Opposite Field (Power): The section of the playing field on the batters’ “push” side. Opposite field power is the ability of a batter to generate extra base hits and home runs to their push side, as opposed to their “pull” side. A left-handed batter’s opposite field is left field.
Out of the Box: Out of the batters’ box. Generally used to refer to runner’s acceleration from the batters’ box to first base. Ichiro is one of the fastest players out of the box, getting to first base in just over 4 seconds.
Outfield Routes/Routes to Fly Balls: The paths an outfielder takes to fly balls. Important for gauging an outfielders’ range. An outfielder with premium speed may still be a below-average defender if they take bad “routes” to fly balls.
Pitch Recognition: A batters’ ability to recognize a pitches’ type, velocity and placement. Develops with coaching but premium vision is genetic.
Plate Discipline: The ability– as a batter– to judge the strikezone as well as differentiate hittable pitches from unhittable ones. Plate discipline is distinct from patience, albeit related, as it shows selectivity– not just a willingness to take pitches early in the count.
Plus, Plus-Plus: Above-average and well-above average, respectively.
Pop Time: On a stolen base attempt, the time (in seconds) it takes a catcher to get the baseball from his glove and into the base-covering infielder’s glove is referred to as the “pop time.” While pop time relies heavily on arm strength and accuracy, the speed with which a catcher moves from his crouch into a suitable throwing position is the major determining factor.
Quick Arm: A “quick” arm is a positive descriptor of a pitchers’ throwing style; showing little drag in their throwing motion, fastball velocity is generated easily, explosively and with less risk of injury.
Quickness/Quick First Step: The speed with which a fielder of baserunner can react and begin running.
Range: A fielding descriptor. A term used to describe the amount of ground a fielder can cover on a play. Particularly important for middle infielders and centerfielders. While related, range is distinct from speed, and is more tied to quickness, agility and fielding prowess. For instance, while Braves’ outfielder Jason Heyward has plus speed, his range falls short of centerfield because of his large size and lack of seasoning in the MLB.
Raw Power: The potential power in a prospects’ swing. Raw power consists of bat speed, loft-generated in swing and/or the batters’ strength. Distinct from game-power, raw power is often showcased in batting practice and is the un-utilized potential that should show up in a prospects’ game with more development.
Release: A release is refers to the quickness/fluidity that a fielder/pitcher throws the ball with. A catcher with a slow release will take more time throwing the ball, than a catcher with a quick release will.
Release Point: The final segment of a throwing/pitching motion when the ball leaves the pitcher/throws hand.
Running Fastball: “Run” when referring to pitching, is rolling lateral break. A running fastball is a moving fastball that shows angled, rolling lateral break. Often, pitchres can add arm-side run to their fastballs by dropping their arm angle letting their fingers “roll” off of the ball.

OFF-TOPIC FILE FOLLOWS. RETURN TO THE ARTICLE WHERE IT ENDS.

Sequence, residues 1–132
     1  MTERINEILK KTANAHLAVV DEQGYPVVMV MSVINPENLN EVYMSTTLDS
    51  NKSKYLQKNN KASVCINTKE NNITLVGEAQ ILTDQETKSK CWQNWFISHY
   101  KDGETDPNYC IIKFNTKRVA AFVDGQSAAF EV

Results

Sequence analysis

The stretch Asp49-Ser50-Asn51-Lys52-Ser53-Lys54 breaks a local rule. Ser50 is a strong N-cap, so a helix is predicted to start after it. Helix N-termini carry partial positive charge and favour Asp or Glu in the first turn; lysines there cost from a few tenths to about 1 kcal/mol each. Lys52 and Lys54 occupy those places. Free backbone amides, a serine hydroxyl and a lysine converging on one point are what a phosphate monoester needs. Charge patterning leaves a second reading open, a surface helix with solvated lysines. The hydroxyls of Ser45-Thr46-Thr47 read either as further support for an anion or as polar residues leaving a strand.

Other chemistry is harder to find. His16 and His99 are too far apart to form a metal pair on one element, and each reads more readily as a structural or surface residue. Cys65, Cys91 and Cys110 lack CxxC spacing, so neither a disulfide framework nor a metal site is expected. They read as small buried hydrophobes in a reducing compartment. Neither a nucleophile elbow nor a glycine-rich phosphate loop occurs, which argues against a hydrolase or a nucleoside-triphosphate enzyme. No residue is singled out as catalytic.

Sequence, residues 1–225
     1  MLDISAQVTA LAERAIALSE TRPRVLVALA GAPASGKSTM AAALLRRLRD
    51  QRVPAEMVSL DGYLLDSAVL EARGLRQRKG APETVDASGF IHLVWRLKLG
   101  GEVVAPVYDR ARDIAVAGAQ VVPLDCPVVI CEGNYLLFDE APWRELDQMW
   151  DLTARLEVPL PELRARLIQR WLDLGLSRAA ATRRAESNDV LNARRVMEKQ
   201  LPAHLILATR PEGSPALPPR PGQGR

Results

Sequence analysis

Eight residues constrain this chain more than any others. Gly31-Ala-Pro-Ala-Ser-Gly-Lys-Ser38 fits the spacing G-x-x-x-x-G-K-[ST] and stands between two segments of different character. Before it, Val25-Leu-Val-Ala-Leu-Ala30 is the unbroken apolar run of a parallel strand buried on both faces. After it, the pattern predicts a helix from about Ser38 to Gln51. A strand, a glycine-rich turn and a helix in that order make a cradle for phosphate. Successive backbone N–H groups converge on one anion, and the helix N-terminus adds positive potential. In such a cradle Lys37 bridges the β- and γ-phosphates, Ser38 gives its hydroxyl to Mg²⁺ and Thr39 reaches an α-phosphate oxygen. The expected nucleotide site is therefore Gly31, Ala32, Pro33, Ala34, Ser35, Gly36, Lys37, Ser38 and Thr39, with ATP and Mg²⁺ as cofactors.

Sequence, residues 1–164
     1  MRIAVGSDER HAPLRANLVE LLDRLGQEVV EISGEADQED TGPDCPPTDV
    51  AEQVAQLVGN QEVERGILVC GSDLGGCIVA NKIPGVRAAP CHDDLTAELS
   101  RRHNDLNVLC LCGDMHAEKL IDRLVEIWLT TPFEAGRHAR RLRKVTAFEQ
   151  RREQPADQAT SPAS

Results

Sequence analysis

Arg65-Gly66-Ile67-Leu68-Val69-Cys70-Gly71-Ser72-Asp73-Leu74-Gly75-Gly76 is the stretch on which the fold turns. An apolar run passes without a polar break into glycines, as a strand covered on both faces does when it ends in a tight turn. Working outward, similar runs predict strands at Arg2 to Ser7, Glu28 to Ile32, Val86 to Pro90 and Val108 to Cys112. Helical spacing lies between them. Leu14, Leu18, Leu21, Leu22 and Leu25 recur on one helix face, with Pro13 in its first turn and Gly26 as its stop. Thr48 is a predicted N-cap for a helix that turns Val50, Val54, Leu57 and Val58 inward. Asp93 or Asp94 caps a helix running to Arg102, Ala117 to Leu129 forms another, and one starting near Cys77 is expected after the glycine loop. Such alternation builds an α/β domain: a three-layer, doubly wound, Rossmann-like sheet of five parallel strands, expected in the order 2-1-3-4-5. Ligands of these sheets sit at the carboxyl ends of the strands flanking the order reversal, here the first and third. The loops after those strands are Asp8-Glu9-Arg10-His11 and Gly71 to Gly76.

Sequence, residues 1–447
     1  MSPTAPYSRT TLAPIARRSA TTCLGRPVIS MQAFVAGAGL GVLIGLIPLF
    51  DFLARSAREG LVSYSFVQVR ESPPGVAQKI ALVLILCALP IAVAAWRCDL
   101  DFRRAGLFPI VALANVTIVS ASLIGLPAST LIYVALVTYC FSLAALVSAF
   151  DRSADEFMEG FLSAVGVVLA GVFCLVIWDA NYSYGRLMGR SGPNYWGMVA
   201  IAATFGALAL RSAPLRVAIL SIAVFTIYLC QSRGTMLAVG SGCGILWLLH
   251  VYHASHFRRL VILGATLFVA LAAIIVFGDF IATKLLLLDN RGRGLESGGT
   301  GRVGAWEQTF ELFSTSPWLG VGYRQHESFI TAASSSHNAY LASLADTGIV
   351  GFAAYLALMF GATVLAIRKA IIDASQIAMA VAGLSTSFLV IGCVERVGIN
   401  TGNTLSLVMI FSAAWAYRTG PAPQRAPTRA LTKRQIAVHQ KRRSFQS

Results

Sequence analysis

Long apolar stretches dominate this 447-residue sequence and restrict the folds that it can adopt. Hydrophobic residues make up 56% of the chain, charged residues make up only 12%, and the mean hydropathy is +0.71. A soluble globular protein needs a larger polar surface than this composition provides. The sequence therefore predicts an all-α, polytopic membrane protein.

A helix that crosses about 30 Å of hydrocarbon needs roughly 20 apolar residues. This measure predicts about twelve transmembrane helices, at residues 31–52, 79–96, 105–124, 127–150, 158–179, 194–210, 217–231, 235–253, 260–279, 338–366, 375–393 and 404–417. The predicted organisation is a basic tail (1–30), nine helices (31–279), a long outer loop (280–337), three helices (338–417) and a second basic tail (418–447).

Slap-hitter: A batter that emphasizes contact-making and shows little power in their swing. Their isolated power (ISO) is low and they’re generally singles hitters.
Slugger: A power-hitter who posts above-average homerun and extra-base-hit totals.
Split-Finger Fastball/Splitter: A pitch thrown with the fingers “forked” around (not resting on) two seams of the ball. The resulting decrease in finger-tip pressure on the baseball’s seams puts far less spin on the ball and causes a “tumbling” sink or (sometimes) knuckling action. Only pitchers with larger, stronger fingers (Dan Haren, Roger Clemens) throw the splitter and the pitch’s grip can cause elbow injury.
Submarine: See “arm angle.”
Sweeping Curve: A curveball with heavy lateral movement. A sweeping curve has loser, slower, more vertical break than the laterally breaking slider.
Tilt: The diagonal angle of a slider’s (or lateral breaking ball’s) movement.
12-6/Twelve-to-Six Curve: A curveball with heavy drop and little lateral movement. its break moves from 12 O’clock to 6 O’clock.
Tommy John Surgery: An elbow surgery named after former All-Star pitcher Tommy John. While the surgery is invasive and involves replacing an elbow ligament with connective tissued harvested from other parts of the body, it has become relative common place among modern era pitchers.
Two-Seam Fastball: A fastball thrown with fingers on the two vertical seams of the ball. The backspin generated in the fastball motion causes the two seams passing throw the air to “drag” and cause sink and arm-side run/screwball movement. Often pitchers will pronate further when throwing the 2-seamer, causing more sink and screwballing action. Because of the increased drag, a two seamer is slightly slower than a 4-seamer.
Wheels: A players’ running-speed. Commonly used to suggest baserunning speed, but be used on defense.